Thinking of Quitting your Business? Read This First
Remember back in the early days of your business, when you could envision yourself steadily growing your business?
In this vision you poured your heart and soul into your business and you were rewarded with your business loving you back – giving you more time with your family, creating financial stability, and providing a place you loved to be during the workday.
How does that compare to your current reality? Is the contrast a between fantasy and reality too painful to look at, or is your business working for you?
I get it. I’ve been there. The days when all I wanted to do was curl up in a ball and cry? Asking myself “why do you put yourself through this”?
Here’s the deal. I’m not going to sit here and tell you not to quit.
Truth is, quitting might be what’s best for you and your family. But before you do… consider your options.
In order to fully grasp what it would mean to quit, ask yourself what it would mean to wind down the business.
– What bills would have to be paid,
– How would your daily life change
– What would you do instead?
Look at this decision using the 10/10/10 rule – what would my life look like 10 minutes from now, 10 days from now, and 10 months from now?
If in 10 months you see yourself as happier, and relaxed, this may be the right option.
There are certain scenarios where quitting truly is the best option. If a business has been bleeding cash with no ideas as to how to turn around the ship, or if you’ve genuinely gown to resent your business, it’s time to let it go.
Some businesses outlive their usefulness and die slowly and painfully. The longer it’s dragged out, the more damage is done to your health, wealth, and spirit.
Are you a better person because of your business? Is there any way to turn the ship around?
And most importantly: What is the “kill” criteria? How much more are you willing to sink into your business before you let it go?
Preparing a business for a sale is (for me) really exciting. Think of when you prepare your house for sale. All those projects you wanted done for YEARS now have a priority and actually get done.
In fact, by the time your house is ready for the market, you love it more than you ever have because the bathroom is updated and every nook and cranny is pristine.
Selling a business is the same thing. You want your business to put its best foot forward. You want to set up the next owner for success. And in doing so, you get a laser-focus on
and you may end up falling in love with your business and keeping it anyway.
Preparing your business for sale – whether you intend to actually sell it or not – is a kick in the pants. You see your business from the perspective of an outsider. With this fresh perspective you get ideas as to how to improve, what changes need to be implemented right now.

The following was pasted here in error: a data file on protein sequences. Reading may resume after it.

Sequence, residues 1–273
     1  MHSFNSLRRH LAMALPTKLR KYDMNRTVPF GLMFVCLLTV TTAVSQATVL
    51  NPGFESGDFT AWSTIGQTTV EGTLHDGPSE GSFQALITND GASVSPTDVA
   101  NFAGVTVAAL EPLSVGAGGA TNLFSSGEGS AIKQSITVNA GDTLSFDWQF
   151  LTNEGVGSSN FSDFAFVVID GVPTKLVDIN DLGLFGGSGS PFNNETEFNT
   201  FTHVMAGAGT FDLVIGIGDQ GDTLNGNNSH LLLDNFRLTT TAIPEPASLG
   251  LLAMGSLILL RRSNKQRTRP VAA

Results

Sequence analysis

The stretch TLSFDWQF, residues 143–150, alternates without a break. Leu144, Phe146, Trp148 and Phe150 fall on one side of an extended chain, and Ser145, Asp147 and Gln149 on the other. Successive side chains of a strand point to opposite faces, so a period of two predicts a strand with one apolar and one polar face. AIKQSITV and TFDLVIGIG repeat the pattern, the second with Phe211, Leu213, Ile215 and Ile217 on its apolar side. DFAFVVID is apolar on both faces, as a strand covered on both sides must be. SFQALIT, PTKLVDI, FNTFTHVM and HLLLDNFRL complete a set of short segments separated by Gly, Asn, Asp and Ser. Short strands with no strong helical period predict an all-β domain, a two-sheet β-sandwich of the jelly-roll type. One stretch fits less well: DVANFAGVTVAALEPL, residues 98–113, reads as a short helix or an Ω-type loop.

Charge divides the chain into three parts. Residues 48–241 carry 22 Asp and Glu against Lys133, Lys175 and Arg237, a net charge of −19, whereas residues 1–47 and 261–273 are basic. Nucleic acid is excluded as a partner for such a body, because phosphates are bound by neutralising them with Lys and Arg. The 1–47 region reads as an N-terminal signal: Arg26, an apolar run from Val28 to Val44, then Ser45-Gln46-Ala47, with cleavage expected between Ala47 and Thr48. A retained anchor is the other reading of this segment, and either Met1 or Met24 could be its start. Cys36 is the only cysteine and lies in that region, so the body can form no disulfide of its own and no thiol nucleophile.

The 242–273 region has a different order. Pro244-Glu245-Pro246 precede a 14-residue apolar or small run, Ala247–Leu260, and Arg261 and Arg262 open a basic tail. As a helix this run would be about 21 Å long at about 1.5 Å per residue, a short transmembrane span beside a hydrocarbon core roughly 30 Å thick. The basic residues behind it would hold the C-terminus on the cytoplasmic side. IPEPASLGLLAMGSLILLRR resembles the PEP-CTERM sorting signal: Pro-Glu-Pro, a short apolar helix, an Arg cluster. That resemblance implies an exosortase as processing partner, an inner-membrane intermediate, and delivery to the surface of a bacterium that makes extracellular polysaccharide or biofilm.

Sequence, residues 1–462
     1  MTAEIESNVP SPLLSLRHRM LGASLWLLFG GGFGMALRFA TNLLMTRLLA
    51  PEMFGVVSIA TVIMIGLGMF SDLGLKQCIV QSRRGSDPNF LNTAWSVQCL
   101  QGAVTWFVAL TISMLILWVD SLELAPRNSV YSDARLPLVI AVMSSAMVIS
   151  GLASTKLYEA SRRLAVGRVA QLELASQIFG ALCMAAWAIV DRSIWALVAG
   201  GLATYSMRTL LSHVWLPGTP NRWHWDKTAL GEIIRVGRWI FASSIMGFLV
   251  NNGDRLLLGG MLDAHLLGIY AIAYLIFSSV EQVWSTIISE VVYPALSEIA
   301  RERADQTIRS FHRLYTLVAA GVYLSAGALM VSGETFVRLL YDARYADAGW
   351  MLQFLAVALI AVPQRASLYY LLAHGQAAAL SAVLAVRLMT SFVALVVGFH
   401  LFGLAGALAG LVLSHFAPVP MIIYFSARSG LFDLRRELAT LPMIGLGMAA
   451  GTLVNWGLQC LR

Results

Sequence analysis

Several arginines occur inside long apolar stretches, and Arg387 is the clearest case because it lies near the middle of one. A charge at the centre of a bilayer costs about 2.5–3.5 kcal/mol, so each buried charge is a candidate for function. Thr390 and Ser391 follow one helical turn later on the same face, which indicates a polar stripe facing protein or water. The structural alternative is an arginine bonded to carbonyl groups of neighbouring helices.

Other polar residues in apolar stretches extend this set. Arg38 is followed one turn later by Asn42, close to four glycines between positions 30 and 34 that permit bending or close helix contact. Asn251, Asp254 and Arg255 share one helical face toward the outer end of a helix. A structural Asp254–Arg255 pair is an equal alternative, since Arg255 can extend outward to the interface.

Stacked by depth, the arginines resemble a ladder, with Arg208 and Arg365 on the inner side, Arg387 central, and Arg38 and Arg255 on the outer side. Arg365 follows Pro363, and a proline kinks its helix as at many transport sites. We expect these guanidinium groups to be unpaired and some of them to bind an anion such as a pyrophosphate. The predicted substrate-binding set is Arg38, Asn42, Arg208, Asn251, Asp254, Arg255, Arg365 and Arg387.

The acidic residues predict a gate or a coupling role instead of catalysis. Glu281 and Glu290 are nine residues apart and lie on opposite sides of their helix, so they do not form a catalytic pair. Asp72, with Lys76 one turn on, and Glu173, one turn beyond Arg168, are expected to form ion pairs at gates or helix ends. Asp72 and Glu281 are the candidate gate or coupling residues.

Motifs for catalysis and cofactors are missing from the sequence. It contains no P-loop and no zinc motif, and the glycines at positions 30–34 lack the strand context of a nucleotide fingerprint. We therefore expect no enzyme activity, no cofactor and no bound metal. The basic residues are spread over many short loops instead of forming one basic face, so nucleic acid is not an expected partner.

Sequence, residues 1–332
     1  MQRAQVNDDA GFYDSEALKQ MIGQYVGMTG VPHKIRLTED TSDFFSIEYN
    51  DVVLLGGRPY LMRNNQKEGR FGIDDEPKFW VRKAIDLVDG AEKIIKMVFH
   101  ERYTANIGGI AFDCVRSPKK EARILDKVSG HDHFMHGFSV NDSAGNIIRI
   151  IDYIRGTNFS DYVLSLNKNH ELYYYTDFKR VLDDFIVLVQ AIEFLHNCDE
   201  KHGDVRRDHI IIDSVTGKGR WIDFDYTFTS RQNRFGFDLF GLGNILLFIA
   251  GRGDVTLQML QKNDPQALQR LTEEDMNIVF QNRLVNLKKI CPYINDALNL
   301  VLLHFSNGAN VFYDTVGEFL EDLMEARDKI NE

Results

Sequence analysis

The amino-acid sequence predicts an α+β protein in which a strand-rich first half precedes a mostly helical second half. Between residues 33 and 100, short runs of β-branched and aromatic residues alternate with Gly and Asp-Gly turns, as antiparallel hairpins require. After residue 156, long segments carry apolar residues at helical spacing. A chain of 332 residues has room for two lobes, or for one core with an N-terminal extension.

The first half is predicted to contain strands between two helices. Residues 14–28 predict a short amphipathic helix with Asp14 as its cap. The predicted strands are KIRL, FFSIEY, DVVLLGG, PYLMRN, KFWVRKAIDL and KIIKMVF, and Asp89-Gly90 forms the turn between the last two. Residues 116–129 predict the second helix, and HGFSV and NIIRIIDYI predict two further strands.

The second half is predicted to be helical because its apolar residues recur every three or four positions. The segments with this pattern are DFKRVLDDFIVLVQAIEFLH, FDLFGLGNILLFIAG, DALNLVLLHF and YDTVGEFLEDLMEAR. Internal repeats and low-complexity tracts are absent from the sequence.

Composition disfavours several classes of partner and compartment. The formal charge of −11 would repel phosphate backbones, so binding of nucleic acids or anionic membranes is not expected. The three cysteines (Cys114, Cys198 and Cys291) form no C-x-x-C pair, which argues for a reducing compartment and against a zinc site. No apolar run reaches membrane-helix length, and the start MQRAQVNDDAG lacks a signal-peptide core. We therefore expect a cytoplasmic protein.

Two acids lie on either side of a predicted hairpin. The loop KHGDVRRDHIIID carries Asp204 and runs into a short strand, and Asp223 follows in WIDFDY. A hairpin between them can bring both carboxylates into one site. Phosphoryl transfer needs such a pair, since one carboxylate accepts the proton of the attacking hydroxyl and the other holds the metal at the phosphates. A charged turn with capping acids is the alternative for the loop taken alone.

In fact, you can just skip options 1 & 3 because this strategy will pump lifeblood into your business and give you perspective on what you really want for your business, whether you’re looking to get out or not.
How to prepare a business for sale:
(This is where I get that stupid Barney “Cleanup!” song stuck in my head.)
1. The books – financials need to be pristine. Get all the missing vendor invoices in there, get the balance sheet accounts reconciled, and then (my favorite part comes next)
Go through the detailed expenses on the income statement. Be sure you have a paper copy because this is going to get fun!
Put a line through any expense that you didn’t need. And when I say “need” – ask yourself if the expense truly contributes to the bottom line.
2. Get all your “Shoulds” and “To Dos” out on paper. All of ‘em. I know they’re hiding on sticky notes, backs of envelopes, and 3 different half-full notebooks that all serve the same purpose. Get them all in one place.
Prioritize which are legitimate. Which of these can have the most impact with the least amount of work?
Implement those or create a plan for the “Buyer” (which is potentially you) to have fast, measurable successes right out of the gate.
3. Document your processes. And if you don’t have any – no wonder your business is driving you nuts!
The goal here is to find more opportunities for improvement. It will force you to answer the question “why do we do this like this?”
4. Get a valuation.
Trust me on this. Don’t get a valuation before you do #1-#3 because in doing the legwork, you will make brokers more eager to talk to you and raise your valuation if you have ideas for supporting the next owner from the get-go.
Changes need to be made if you pick this option. If today you’re curled up in a ball trying not to let your business get the best of you, the status quo isn’t doing you any favors. And you shouldn’t be “surviving” your business, you deserve to be thriving.
Go back to Option 2 and complete steps 1-3, with an important addition: Get a coach or mentor that you can talk to about your ideas and execution. Yes, a good coach is going to cost you, but the ROI will be outstanding.
A coach will help you get clear on your goals, and not just goals like “I’d like to make $100k/year”. They’ll help you dig deeper than that. They will help take action on the things that matter so that you can use your time efficiently and take measurements of your progress.
Think back to that early vision of your company. Everything you want for yourself and your business is attainable if you are clear on your goals and take consistent action.